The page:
• When required, fill half a cup with the nettle infusion and top up with boiling water. You can drink it without diluting it, although the infusion is quite concentrated. It depends on your tastes
  • If you want to add another flavour, I sometimes add a raspberry leaf or peppermint tea bag to the cup. You could use fennel or liquorice too. You could also add your choice of tea bag to the jug when steeping


Drink 3-4 cups a day and enjoy the benefits!


You can also add fresh nettle to soups and stews.



Drug-Nutrient Interactions


Nettle can interact with some medications so it’s important to seek advice from your healthcare provider or a healthcare professional before using nettle. According to the Natural Medicines Database (10) nettle interacts with the following:


Anti-diabetic drugs: nettle can lower blood sugar levels which may increase the risk of hypoglycaemia with anti-diabetes drugs


Blood pressure medication: nettle can lower blood pressure which may increase the risk of hypotension with blood pressure lowering drugs


Sedatives: nettle can have a depressant effect on the central nervous system. Theoretically, there may be additional sedative effects when using nettle along with sedative drugs


Lithium: nettle can reduce the body’s ability to remove lithium and therefore the dose may need to be lowered if taking this medication


Diuretics: nettle has diuretic properties, increasing the amount of water and sodium removed from the body. Taking diuretics with nettle may cause dehydration.


Blood thinners: nettle contains vitamin K which aids blood clotting, therefore nettle may impair the effect of blood thinning medication such as warfarin



Interactions aside, nettle really is a powerful plant when it comes to providing a number of amazing health benefits: it’s anti-inflammatory, high in anti-oxidants, high in minerals, blood pressure lowering and blood sugar lowering (to name just a few). I am so glad I gave nettle infusion a try. If you have any inflammation, feel depleted or have unstable blood sugar levels, I highly recommend drinking nettle infusion. Let me know if you’ve tried nettle infusion and how it’s helped you. How do you drink yours?!



If you enjoyed this article, feel free to share on social media and spread the word.
Enjoyed this article? Subscribe so you don’t miss a future post and you’ll receive this free download instantly.


1. Adhikari, B.M., Bajracharya, A. and Shrestha, A.K., 2016. Comparison of nutritional properties of Stinging nettle (Urtica dioica) flour with wheat and barley flours. Food Science and Nutrition, 4(1), pp.119–124.
2. Siddiqui, K., Bawazeer, N. and Joy, S.S., 2014. Variation in macro and trace elements in progression of type 2 diabetes. TheScientificWorldJournal, [online] 2014(Figure 1), p.461591. Available at: <>.
3. Kalra, S., Mukherjee, J., Ramachandran, A., Saboo, B., Shaikh, S., Venkataraman, S., Bantwal, G. and Das, A., 2013. Hypoglycemia: The neglected complication. Indian Journal of Endocrinology and Metabolism, [online] 17(5), p.819. Available at: <>.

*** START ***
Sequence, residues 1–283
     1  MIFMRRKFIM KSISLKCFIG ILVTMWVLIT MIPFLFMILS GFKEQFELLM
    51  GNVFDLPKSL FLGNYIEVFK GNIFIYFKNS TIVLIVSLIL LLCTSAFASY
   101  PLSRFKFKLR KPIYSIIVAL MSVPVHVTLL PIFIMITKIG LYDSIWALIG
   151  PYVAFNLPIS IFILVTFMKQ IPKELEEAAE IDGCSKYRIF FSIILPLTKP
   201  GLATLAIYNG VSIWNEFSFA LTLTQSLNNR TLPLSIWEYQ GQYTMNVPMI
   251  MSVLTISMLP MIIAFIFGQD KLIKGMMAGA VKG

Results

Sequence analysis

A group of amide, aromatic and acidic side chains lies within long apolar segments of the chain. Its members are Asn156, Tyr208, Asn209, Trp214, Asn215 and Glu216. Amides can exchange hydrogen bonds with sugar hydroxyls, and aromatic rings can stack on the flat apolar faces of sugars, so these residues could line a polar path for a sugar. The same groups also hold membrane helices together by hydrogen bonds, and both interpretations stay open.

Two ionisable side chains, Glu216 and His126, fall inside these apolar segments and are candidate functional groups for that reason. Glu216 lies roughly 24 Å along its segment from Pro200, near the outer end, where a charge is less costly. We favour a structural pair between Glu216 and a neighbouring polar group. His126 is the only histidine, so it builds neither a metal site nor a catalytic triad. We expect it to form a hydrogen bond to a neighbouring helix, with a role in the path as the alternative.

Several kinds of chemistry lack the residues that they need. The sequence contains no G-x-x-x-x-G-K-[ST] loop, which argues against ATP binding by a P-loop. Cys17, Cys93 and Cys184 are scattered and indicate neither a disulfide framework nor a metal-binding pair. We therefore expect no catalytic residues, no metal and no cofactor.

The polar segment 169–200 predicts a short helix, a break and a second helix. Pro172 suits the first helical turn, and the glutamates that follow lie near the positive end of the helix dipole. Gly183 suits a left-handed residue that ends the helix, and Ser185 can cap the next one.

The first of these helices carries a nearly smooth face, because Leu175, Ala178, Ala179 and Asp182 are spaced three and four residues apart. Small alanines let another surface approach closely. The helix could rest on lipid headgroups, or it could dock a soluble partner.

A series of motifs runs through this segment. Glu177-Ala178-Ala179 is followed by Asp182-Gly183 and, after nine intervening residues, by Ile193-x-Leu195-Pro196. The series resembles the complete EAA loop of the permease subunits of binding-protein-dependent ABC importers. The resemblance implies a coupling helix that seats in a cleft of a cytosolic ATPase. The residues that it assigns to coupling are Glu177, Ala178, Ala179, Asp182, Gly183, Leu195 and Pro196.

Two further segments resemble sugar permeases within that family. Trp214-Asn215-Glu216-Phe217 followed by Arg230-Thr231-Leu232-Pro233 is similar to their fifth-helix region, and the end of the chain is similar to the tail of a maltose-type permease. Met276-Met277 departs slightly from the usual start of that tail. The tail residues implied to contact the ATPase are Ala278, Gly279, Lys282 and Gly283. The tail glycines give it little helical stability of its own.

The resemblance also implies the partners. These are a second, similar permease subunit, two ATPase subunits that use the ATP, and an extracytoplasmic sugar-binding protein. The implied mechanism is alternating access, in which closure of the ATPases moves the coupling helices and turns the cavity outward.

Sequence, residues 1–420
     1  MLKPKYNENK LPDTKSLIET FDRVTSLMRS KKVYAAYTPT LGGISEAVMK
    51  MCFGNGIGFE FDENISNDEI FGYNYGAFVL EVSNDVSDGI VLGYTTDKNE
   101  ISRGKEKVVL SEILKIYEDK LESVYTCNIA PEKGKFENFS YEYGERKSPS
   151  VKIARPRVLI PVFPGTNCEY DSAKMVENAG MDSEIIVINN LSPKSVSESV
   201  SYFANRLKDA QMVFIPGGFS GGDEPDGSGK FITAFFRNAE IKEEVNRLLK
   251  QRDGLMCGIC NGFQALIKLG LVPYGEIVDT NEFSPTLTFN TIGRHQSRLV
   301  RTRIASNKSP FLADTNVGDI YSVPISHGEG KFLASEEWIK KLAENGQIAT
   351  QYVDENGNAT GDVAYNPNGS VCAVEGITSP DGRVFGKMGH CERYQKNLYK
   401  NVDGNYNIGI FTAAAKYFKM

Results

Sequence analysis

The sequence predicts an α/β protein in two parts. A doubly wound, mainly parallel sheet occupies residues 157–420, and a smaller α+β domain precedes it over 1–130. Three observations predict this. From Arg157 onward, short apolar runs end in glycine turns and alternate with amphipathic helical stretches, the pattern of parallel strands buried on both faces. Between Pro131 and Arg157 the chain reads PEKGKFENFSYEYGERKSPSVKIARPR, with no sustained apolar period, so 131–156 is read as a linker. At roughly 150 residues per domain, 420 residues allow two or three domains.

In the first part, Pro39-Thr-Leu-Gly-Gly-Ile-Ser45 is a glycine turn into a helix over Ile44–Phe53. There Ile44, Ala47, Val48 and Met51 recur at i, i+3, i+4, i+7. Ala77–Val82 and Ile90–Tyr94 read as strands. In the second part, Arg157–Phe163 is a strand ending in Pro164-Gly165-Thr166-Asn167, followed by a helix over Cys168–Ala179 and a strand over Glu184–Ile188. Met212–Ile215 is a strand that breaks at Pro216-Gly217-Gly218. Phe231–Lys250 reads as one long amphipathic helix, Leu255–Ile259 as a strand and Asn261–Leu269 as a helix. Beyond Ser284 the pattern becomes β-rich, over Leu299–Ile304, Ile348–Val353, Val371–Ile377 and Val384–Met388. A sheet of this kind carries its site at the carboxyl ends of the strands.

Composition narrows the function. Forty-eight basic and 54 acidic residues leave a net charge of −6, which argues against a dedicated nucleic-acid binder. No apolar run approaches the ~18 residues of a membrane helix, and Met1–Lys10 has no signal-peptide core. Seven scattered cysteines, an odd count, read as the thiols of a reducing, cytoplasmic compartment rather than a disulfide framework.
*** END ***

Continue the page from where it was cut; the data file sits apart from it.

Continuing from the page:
4. Rutto, L.K., Xu, Y., Ramirez, E. and Brandt, M., 2013. Mineral properties and dietary value of raw and processed stinging nettle (Urtica dioica L.). International Journal of Food Science, 2013.
5. Johnson, T.A., Sohn, J., Inman, W.D., Bjeldanes, L.F. and Rayburn, K., 2013. Lipophilic stinging nettle extracts possess potent anti-inflammatory activity, are not cytotoxic and may be superior to traditional tinctures for treating inflammatory disorders. Phytomedicine, 20(2), pp.143–147.
6. Amiri Behzadi, A., Kalalian-Moghaddam, H. and Ahmadi, A.H., 2016. Effects of Urtica dioica supplementation on blood lipids, hepatic enzymes and nitric oxide levels in type 2 diabetic patients: A double blind, randomized clinical trial. Avicenna journal of phytomedicine, [online] 6(6), pp.686–695. Available at: <>.
7. Safarinejad, M.R., 2005. Urtica dioica for Treatment of Benign Prostatic Hyperplasia: A Prospective, Randomized, Double-Blind, Placebo-Controlled, Crossover Study. Journal of herbal pharmacotherapy, 5(4), pp.71–114.
8. Cruz-Vega, D., Verde-Star, M.J., Salinas-Gonzalez, N.R., Rosales-Hernandez, B., Estrada-Garcia, I., Mendez-Aragon, P., Carranza-Rosales, P., Gonzalez-Garza, M. and Castro-Garza, J., 2009. Nettle Extract (Urtica dioica) Affects Key Receptors and Enzymes Associated with Allergic Rhinitis. Zhongguo Zhong yao za zhi = Zhongguo zhongyao zazhi = China journal of Chinese materia medica, 23(January 2009), pp.920–926.
9. Qayyum, R., Qamar, H.M. ud D., Khan, S., Salma, U., Khan, T. and Shah, A.J., 2016. Mechanisms underlying the antihypertensive properties of Urtica dioica. Journal of Translational Medicine, 14(1), pp.1–13.
10. Natural Medicines Database. 2018. Interaction Checker: Nettle. [ONLINE] Available at: [Accessed 2 September 2018].